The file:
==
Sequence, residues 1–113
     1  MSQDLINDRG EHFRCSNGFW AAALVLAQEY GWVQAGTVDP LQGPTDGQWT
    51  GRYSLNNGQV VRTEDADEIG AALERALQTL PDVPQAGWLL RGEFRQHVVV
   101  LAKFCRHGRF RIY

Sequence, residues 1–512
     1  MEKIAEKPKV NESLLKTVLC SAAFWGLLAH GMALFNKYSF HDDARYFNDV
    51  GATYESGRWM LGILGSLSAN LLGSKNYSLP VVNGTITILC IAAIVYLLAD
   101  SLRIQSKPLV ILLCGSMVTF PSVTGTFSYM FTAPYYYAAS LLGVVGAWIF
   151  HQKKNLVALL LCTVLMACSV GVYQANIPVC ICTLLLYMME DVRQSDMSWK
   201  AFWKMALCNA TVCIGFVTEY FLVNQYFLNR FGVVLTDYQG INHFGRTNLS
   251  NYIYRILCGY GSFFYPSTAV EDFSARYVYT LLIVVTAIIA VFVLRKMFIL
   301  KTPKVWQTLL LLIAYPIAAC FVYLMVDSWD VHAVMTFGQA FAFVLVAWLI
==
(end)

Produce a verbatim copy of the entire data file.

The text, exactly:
Sequence, residues 1–113
     1  MSQDLINDRG EHFRCSNGFW AAALVLAQEY GWVQAGTVDP LQGPTDGQWT
    51  GRYSLNNGQV VRTEDADEIG AALERALQTL PDVPQAGWLL RGEFRQHVVV
   101  LAKFCRHGRF RIY

Sequence, residues 1–512
     1  MEKIAEKPKV NESLLKTVLC SAAFWGLLAH GMALFNKYSF HDDARYFNDV
    51  GATYESGRWM LGILGSLSAN LLGSKNYSLP VVNGTITILC IAAIVYLLAD
   101  SLRIQSKPLV ILLCGSMVTF PSVTGTFSYM FTAPYYYAAS LLGVVGAWIF
   151  HQKKNLVALL LCTVLMACSV GVYQANIPVC ICTLLLYMME DVRQSDMSWK
   201  AFWKMALCNA TVCIGFVTEY FLVNQYFLNR FGVVLTDYQG INHFGRTNLS
   251  NYIYRILCGY GSFFYPSTAV EDFSARYVYT LLIVVTAIIA VFVLRKMFIL
   301  KTPKVWQTLL LLIAYPIAAC FVYLMVDSWD VHAVMTFGQA FAFVLVAWLI